Though it is generally well-known that diet and exercise are the most fool-proof ways to stay healthy, many people looking to get healthy will start with either one or the other. Easing into a healthy lifestyle can be easier than jumping in all at once. However, a new study has shown that changing diet and exercise habits at the same time might be more effective than doing each separately.
Researchers at the Stanford University School of Medicine have published their new findings in the latest issue of the journal Annals of Behavioral Medicine. Their study looked at "inactive" participants who were 45 or older and had "suboptimal" diets. After being divided and coached in different exercise and diet changes for one year, the group that changed both diet and exercise habits at the same time were most likely to meet the U.S. national guidelines for exercise and nutrition.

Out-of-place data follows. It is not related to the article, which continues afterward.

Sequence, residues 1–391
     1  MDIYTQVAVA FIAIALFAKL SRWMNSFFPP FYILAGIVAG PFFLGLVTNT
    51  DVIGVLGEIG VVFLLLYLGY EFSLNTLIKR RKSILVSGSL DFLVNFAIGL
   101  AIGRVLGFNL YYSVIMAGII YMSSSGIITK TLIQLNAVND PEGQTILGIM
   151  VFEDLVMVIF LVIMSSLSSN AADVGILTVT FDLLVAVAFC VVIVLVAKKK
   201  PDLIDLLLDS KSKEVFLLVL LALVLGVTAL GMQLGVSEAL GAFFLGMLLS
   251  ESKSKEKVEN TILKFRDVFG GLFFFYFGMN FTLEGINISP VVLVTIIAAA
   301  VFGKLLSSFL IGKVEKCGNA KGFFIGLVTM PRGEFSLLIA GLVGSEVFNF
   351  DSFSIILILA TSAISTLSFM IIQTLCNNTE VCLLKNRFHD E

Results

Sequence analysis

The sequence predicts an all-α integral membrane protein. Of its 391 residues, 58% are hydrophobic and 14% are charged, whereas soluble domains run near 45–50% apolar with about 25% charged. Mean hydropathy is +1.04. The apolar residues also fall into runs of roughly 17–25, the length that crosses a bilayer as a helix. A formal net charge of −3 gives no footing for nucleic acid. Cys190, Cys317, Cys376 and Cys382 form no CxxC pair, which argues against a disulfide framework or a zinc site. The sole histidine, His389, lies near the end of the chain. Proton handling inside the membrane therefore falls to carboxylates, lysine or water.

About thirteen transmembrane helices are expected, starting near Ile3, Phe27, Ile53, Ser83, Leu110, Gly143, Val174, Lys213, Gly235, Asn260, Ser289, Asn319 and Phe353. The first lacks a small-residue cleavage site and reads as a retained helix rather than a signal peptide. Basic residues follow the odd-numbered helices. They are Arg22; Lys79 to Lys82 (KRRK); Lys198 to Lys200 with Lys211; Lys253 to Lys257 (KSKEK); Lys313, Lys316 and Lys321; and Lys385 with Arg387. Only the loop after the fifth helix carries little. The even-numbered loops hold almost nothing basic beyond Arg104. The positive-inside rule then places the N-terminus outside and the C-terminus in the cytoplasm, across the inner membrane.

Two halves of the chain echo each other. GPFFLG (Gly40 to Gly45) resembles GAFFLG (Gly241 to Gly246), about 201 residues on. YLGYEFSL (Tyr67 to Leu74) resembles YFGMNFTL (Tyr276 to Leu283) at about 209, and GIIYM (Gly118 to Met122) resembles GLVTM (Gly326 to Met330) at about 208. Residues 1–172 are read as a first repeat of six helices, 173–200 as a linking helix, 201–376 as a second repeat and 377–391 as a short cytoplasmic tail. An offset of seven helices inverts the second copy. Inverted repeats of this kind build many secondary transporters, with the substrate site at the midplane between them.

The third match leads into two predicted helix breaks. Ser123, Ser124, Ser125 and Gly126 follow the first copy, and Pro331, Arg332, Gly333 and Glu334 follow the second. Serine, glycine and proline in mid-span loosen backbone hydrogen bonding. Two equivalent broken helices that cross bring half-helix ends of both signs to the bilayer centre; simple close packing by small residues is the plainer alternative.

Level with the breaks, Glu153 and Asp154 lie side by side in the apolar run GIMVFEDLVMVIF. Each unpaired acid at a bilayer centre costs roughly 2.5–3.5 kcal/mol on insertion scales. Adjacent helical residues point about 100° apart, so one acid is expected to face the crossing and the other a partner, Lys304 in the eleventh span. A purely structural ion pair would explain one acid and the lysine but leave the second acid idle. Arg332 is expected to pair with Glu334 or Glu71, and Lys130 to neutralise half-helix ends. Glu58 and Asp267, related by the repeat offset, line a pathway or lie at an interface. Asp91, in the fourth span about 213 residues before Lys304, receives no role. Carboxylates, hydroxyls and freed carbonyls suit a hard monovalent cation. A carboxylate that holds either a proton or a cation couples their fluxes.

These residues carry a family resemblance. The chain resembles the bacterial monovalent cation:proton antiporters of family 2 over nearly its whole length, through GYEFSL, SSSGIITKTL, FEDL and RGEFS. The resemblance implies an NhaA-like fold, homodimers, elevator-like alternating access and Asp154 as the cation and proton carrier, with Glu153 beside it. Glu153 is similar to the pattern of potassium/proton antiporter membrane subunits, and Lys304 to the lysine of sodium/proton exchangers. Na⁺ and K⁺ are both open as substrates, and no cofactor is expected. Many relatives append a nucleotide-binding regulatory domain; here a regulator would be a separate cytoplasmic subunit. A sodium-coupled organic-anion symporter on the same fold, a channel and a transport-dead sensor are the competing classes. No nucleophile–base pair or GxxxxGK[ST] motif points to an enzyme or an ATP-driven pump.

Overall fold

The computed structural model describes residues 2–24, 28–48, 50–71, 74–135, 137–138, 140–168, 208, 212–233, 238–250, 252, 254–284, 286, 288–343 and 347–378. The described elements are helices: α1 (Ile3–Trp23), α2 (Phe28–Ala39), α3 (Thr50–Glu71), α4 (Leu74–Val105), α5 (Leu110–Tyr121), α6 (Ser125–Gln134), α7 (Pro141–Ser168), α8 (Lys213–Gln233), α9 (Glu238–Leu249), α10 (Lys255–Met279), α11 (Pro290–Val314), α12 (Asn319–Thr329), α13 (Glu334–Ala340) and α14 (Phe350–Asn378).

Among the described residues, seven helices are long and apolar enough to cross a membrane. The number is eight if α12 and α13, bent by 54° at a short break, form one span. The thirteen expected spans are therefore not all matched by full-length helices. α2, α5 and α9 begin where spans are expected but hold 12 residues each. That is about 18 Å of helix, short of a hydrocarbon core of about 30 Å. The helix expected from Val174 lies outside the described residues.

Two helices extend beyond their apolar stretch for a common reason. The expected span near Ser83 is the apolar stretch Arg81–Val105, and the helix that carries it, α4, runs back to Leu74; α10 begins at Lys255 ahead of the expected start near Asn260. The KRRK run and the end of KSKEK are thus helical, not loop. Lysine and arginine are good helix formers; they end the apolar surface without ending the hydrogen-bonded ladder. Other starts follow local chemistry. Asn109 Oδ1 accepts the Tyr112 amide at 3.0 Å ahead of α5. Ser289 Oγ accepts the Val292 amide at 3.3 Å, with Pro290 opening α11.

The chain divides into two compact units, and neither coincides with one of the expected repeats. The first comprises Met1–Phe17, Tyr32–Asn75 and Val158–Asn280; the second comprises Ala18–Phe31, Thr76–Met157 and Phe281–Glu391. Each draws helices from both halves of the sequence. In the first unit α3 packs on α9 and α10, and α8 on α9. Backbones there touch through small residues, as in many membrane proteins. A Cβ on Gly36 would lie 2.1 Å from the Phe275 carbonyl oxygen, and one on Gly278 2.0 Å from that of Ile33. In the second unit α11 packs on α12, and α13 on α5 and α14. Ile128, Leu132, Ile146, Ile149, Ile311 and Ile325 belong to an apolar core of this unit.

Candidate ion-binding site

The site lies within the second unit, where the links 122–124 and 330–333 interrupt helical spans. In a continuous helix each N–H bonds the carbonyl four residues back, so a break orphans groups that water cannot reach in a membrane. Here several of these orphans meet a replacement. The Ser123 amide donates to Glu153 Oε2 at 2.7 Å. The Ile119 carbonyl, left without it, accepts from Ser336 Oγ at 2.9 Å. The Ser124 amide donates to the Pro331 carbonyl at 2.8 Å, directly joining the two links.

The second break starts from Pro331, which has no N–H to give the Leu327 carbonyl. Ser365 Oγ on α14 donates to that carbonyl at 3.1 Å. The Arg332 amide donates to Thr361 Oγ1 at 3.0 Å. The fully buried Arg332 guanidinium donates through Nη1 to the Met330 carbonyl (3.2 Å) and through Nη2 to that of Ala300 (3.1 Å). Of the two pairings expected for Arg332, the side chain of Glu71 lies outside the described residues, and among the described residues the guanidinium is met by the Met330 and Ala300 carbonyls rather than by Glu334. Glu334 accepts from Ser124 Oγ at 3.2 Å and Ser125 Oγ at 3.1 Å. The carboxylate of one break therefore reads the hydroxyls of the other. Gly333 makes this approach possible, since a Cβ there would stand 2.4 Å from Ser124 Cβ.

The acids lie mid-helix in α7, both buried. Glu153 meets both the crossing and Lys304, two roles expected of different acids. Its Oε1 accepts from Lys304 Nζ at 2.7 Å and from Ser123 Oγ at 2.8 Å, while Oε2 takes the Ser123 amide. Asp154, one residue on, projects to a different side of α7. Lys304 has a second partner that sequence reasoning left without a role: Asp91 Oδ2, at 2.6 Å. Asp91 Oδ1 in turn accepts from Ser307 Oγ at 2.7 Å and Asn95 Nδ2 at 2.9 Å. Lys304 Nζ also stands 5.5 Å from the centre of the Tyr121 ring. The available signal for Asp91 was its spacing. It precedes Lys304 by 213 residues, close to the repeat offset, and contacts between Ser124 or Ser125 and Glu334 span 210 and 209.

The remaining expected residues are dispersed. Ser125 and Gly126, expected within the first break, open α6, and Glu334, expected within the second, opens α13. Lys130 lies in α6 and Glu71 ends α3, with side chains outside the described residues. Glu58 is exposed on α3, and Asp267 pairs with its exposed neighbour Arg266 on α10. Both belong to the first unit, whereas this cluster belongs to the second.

"It may be particularly useful to start both at the same time," said Abby King, lead author of the study and a professor of medicine at Stanford. "If you need to start with one, consider starting with physical activity first."
The study also showed that those who changed their diets first did not meet exercise goals as easily, while those who began exercising first were more likely to meet their nutritional goals.
"These health behaviors aren't things that we change over a six-week period and then our job is done," said King. "They're things that people grapple with their whole lives, so to develop 'touches' of advice and support in a cost-efficient way is becoming more and more important."